|Rotation Type||PGY 1||PGY 2||PGY 3|
|Floors||6-7 Blocks||3-4 Blocks||1 Block|
|Nights||1-2 Blocks||1-2 Blocks||1 Block|
|MICU||1 Block||1-2 Blocks||1-2 Blocks|
|Vacation||1 Block||1 Block||1 Block|
|Electives||2-3 Blocks||3-4 Blocks||5-6 Blocks|
|Admitting Resident||N/A||N/A||1-2 Blocks|
Program Structure: The academic year at Lincoln Medical Center is divided into thirteen rotations (four-week blocks).
Medical Ward Rotation:
General Teams Structure
- There are a total of 8 Medical Ward Teams who care for inpatients in General Medicine.
- Each team consists of one PGY2 resident, three PGY 1, and one or two medical students from St. George’s University Medical School and New York Medical College. Some teams will have a PGY-3 as a junior attending.
- The average number of patients carried by each team is 14-18 (interns are capped at 10 patients).
- PGY 3 residents work on the in-patient units as either as a Junior Attendings (during day time) or as a Hospitalists (during evening time) which allows significant autonomy in patients care.
- While on the ward rotation, teams admit patients every day (interns are on-call every third day until 8 pm). There is no overnight call for Interns and residents rotating on ward services.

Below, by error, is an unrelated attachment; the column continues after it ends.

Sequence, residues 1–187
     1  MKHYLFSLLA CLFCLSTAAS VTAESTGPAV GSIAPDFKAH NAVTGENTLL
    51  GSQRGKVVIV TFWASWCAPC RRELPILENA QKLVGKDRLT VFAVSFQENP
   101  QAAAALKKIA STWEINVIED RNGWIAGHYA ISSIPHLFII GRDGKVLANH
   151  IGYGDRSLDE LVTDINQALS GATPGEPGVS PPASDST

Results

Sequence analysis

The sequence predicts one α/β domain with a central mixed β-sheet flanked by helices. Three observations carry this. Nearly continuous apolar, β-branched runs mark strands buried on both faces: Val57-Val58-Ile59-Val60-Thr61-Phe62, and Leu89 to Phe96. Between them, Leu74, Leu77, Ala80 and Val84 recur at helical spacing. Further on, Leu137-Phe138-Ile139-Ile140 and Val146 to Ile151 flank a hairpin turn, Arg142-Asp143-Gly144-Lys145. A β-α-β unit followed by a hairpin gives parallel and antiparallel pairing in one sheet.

- At any given day all teams are on call. They admit patients until 7 pm. At 8 pm night float takes over the admitting duties.
- Interns and residents are ensured at least one full day off every weekend (either Saturday or Sunday).
- MICU calls during the weekend are covered by residents in the elective rotation. There are no 24h calls. The longest call for residents at all levels is 14 hours.
Night Float Rotation: Team consists of two PGY-2 residents and four/five interns who provide cross coverage for patients on the medical ward services. Schedule is six days per week for a total of two weeks rotation. All the admissions to the medical wards are supervised by the on call Hospitalist and they are available in case of emergency. The night float shift starts at 8 pm and ends at 7 am.
ICU – CCU / UF Rotations: There are 22 ICU beds on the medical service. The MICU teams consist of two Pulmonary and Critical Care Attending, One Pulm/Critical Care Fellow, One senior resident, two PGY2 and four PGY1, for a 1 month period Day and night teams work in 12 hour shifts (7am-7pm), eliminating overnight calls in MICU during weekdays. UF teams consists of one senior resident, one PGY2, two PGY1. Schedule is five days per week for a total of two weeks. There is 24 hour attending coverage in the ICU.